AZ-12 Aztec Warrior with Atlatl
The ATLATL, or spear thrower was about two foot long and was often ornately carved and decorated. It had a hooked end and a groove in which to rest the butt end of the dart or javelin. There was also a pair of holes or finger loops about two thirds of the way along for the index and second fingers. It enabled javelins to be thrown further and with a force many times greater than was otherwise possible.
Modern tests indicate that it had a probable maximum range of about 150ft. Considerable accuracy was possible at 120ft, and modern tests show that a a four inch target could consistently be hit at this distance. The penetrative power of darts or javelins using the Atlatl was greater than that of an arrow. Bernal Diaz del Castillo commented that “they could pass through any sort of armour, and against them there was no means of protection”.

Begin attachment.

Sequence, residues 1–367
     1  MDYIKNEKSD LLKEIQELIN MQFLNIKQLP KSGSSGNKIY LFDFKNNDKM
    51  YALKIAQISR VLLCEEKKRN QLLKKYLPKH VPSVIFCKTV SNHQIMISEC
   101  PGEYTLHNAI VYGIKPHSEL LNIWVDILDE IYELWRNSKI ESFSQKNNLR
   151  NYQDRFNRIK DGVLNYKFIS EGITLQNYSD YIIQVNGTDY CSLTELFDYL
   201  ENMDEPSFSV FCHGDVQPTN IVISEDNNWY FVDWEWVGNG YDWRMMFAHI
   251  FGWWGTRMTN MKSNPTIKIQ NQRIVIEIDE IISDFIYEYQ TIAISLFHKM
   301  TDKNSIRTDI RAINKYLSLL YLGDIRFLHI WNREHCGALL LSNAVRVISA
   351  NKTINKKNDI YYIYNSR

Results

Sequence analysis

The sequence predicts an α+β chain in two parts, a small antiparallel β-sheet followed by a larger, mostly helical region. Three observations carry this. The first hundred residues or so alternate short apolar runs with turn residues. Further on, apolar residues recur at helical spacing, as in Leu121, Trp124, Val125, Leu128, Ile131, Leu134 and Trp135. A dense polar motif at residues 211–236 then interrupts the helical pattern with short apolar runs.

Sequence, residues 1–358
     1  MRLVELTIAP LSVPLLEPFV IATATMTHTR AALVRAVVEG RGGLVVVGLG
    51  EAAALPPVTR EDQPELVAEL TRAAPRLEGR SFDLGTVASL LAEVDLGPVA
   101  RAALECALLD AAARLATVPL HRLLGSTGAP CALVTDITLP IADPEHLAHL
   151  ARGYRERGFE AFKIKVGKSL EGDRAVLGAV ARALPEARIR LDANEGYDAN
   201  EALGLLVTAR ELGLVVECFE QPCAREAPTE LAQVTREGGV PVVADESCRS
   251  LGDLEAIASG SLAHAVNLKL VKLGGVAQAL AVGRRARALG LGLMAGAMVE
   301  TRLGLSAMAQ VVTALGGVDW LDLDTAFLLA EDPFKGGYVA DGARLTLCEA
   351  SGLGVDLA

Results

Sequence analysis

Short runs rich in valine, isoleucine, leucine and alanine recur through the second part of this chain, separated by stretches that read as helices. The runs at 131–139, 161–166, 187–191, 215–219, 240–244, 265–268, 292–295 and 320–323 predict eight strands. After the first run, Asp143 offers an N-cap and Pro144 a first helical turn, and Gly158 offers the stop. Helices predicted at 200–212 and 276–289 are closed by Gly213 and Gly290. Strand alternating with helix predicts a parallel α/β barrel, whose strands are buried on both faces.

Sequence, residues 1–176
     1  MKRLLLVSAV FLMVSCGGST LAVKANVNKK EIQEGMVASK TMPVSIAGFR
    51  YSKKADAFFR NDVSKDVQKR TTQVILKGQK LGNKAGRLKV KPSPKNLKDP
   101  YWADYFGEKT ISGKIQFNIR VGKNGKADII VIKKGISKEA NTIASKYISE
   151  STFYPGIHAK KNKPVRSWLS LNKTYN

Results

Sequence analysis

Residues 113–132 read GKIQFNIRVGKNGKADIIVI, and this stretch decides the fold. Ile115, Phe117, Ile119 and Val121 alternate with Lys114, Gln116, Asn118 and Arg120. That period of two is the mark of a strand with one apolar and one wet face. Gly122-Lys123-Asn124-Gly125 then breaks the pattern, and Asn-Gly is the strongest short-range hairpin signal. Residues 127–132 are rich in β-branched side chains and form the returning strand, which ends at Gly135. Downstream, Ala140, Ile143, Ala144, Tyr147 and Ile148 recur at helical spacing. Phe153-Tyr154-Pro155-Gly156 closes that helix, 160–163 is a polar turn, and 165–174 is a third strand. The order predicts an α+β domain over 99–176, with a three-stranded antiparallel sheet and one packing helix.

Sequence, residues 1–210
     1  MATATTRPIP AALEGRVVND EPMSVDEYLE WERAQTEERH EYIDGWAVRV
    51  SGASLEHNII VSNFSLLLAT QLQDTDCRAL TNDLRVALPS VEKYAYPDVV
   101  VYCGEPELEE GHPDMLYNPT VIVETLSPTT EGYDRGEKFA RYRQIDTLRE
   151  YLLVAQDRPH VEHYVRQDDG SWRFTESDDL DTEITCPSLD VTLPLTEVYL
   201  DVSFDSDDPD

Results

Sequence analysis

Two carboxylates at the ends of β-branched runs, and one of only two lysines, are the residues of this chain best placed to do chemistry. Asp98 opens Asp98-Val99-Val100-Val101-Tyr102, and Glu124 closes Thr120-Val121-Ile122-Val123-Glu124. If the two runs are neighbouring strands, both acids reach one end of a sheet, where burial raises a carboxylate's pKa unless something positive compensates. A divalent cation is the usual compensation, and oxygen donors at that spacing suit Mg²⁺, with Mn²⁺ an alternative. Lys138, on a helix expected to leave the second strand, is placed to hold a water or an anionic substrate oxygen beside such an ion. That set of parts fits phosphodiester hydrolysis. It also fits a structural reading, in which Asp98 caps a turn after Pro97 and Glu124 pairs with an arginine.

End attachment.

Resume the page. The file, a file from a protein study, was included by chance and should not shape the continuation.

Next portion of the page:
The darts or javelins which were called TLACOCHTLI, were of oak. They averaged between 3-4 feet in length, and had either a fire hardened tip, or a blade of obsidian. They were often barbed so that “it cannot be removed without making a large wound unless it can be pulled out at the other side”.
The Aztec Empire flourished between c. 1345 and 1521 and, at its greatest extent, covered most of northern Mesoamerica. Aztec warriors were able to dominate their neighbouring states and permit rulers such as Motecuhzoma II to impose Aztec ideals and religion across Mexico. Highly accomplished in agriculture and trade, the last of the great Mesoamerican civilizations was also noted for its art and architecture which ranks amongst the finest ever produced on the continent.